When harried post-production TV and film personnel in L.A. hear the distant rumble of their hungry stomachs, they head for a restaurant with a whimsical style all its own: Grub. Betty Fraser and Denise DeCarlo started Grub in a 1920s bungalow when they were renovating it to house a catering business six years ago. Neighbors kept coming by and asking if they were opening up a restaurant. Featuring "California comfort food", the restaurant quickly established a loyal following for its traditional American food with a twist as well as the warmth and energy exuded by its owners, self-described workaholics. Fraser has since appeared on a number of TV cooking shows including the Bravo Network's Top Chef, where her "Ba-Da-Bing Betty's Grilled Cheese Sandwich" won a cooking challenge and is now served on TGIF Friday's menus throughout the world. Next up are plans to expand Grub's hours to dinner several nights a week and take over operations of the Assistance League of Southern California's luncheon and high tea service at the historic Fountain Court in Hollywood.
Fraser, a native Californian, pursued acting in San Francisco before deciding at the age of 35 that it was time to follow her second dream, cooking. "Like all actresses, I was also a waitress, and Denise and I were both working at the California Pizza Kitchen.," she says. "We found out we had a similar interest in cooking and I wanted to start my own catering company." Two friends who owned catering companies and wanted to exit the business sold them their supplies and Fraser and DeCarlo formed "As You Like It Catering".
At the time, Denise recalls with amusement, she hadn't yet been accepted into Betty's circle of friends at the restaurant. "She didn't speak to me," she says. "Then one day she just walked up to me and asked, Do you want to start a catering company? And I said, Sure. We've been together ever since. We'd have our weekly meetings at Starbucks and we got off the ground really fast, in less than the month because we were so determined. We ended up with big clients right away because of taking over our friends' businesses. We started off with high-end clientele. We weren't intimidated because we knew we were good. The only thing is, at the beginning we made too much food. We didn't know 100 people don't eat 15 of each thing!"
The catering business doubled in size each year and continues to thrive. When passersby suggested a restaurant as Fraser and DeCarlo renovated the bungalow, they thought, How hard can it be? "Well, let me tell you something," laughs Fraser. "Sometimes it's better to not have the big picture in front of you, because it might scare you out of doing it. My personal life fell apart, but I had this love for cooking I was pursuing with my friend. We knew the customer was the most important person, as well as treating our staff like they were gold. We gave them a fun work environment and the chance to be part of a creative environment, so they could accept working at a lower rate initially. And we just celebrated our six-year anniversary."
They financed Grub on credit cards, a song and a dance, the owners recall. DeCarlo skill at baking and Fraser's way with meats, sauces and savories produces a well-rounded menu. They came up with the name by playing with words. "Grub is a sweet and precious American colloquialism for good, downhome food. We came up with the menu by looking back over the hundreds of different dishes we'd made for the catering business over the years. We looked at the most successful dishes and used those to create the menu, knowing they would be sure-fire hits." A hamburger at Grub may feature gruyere cheese, carmelized onion, white truffle oil, and arugula.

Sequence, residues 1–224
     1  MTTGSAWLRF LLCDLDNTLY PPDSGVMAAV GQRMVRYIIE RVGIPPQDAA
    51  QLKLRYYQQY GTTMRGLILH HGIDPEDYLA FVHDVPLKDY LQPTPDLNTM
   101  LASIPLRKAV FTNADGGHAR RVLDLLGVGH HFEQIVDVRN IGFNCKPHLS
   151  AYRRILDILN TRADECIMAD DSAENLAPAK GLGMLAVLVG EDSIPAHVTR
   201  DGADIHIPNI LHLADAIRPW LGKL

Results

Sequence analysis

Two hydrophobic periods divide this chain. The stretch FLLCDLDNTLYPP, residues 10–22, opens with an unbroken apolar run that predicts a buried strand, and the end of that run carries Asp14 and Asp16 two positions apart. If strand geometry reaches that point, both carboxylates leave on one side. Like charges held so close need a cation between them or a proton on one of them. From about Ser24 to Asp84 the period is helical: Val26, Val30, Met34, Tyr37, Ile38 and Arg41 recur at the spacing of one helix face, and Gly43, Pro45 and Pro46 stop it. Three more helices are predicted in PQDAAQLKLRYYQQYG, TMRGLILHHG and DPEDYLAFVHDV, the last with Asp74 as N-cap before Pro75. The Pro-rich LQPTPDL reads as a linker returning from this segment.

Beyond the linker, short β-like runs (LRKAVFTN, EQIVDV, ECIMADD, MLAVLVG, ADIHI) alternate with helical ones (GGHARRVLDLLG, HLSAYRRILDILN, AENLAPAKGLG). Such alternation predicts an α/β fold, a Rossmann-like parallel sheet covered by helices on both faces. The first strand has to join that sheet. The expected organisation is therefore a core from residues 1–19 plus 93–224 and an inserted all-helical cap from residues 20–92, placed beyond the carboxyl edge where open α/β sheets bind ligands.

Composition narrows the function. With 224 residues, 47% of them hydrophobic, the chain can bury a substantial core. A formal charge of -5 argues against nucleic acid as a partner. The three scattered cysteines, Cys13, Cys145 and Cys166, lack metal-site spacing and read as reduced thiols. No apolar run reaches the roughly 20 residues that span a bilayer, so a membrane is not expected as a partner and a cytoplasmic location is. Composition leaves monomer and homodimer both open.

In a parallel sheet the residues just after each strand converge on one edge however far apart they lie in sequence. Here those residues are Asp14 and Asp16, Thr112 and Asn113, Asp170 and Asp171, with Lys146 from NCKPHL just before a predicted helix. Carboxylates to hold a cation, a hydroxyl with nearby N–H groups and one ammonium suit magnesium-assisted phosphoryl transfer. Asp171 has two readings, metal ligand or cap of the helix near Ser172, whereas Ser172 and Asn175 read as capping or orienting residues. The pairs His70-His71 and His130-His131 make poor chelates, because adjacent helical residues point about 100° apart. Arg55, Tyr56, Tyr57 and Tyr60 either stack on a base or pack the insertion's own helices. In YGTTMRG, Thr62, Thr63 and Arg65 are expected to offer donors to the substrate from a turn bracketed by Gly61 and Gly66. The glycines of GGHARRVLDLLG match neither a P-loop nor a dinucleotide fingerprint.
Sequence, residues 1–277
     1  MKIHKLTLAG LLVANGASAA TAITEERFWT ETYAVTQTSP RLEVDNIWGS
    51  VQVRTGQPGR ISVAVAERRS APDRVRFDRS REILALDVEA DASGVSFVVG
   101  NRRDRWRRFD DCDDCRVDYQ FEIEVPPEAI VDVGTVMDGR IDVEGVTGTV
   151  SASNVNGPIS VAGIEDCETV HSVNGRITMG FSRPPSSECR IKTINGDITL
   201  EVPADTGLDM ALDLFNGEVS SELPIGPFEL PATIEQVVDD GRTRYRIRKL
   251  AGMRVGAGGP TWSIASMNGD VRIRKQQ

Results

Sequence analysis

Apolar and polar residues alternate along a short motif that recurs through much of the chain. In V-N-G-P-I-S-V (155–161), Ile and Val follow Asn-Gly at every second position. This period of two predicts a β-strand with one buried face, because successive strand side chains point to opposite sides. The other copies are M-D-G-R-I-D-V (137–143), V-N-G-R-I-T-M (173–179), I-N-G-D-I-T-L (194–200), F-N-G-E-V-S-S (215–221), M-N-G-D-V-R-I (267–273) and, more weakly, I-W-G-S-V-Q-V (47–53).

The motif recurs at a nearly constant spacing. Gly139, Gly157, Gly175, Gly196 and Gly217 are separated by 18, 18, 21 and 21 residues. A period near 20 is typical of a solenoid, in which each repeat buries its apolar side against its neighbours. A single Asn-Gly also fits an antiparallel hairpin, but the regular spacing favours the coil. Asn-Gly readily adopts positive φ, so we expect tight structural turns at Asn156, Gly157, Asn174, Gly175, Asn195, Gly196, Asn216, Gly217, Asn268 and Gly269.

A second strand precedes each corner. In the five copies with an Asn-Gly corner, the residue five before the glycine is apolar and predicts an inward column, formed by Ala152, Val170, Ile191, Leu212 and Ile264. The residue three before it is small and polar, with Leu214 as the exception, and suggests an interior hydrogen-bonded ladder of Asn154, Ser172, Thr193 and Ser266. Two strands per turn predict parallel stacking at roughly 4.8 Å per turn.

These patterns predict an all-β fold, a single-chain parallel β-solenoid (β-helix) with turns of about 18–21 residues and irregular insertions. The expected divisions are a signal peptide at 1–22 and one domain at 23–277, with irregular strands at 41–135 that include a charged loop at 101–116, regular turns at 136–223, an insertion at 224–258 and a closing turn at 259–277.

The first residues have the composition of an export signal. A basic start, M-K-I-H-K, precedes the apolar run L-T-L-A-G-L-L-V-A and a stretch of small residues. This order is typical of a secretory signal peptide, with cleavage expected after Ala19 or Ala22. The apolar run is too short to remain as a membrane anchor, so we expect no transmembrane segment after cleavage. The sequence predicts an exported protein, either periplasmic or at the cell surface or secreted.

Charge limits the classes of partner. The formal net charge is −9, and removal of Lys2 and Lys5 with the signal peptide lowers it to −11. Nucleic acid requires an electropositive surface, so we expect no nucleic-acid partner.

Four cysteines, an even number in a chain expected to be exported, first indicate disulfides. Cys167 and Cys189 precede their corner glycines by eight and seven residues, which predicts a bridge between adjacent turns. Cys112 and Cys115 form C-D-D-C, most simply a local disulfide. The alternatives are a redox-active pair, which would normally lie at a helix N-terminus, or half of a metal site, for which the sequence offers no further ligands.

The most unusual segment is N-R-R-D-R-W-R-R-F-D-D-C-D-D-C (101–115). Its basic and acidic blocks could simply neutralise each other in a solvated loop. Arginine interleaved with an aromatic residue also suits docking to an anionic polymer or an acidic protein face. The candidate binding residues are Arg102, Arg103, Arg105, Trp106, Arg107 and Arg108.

Fraser met the Top Chef Challenge to create a childhood favorite with her Grilled Cheese Sandwich based on Grub's "Afterschool Special." It's one of the restaurant's best sellers and fit the mold perfectly.
The Grub Gals, as they describe themselves, are excited to bring back the 1930s Hollywood ambiance and elegance of the Assistance League Fountain Court Restaurant. Originally charity events were held there featuring celebrity waitresses like Judy Garland and Shirley Temple. "The restaurant is a rotunda, it's old Hollywood, and I just love it," says DeCarlo. "We'll have high tea, lovely luncheons, beautiful '40s music, maybe some French music, white linen tablecloths. We'll do catering events there as well when the Assistance League does not need the space."
DeCarlo's lineage includes a grandfather who was the chef at the country club featured in the movie Caddyshack. From Arkansas, she was always a "science" girl, however, studying biomedical science and then architecture at Texas A&M before moving to L.A. with the intent of finishing her degree while working. Instead, she picked up a cookbook during a six-week visit to England and began obsessively cooking when she was 25 years old. "I cooked until three in the morning," she says. "I couldn't stop. I made things like pumpkin spice cakes, marzipan -- they weighed 15 pounds each. People called them paperweights and are still talking about them."
One would expect that in the little spare time remaining between running a busy restaurant and catering business the last thing they'd want to do is fire up a stove. But in Fraser's case, you'd be wrong. "Even though we cook 24-7, Betty cooks for fun," says DeCarlo. "She cooks all the time, even when she goes home. In fact, we're having a dinner party tonight. Not me. I have a ton of animals. To relax, I just take them for walks, play with them. I have seven birds, three dogs and a hamster."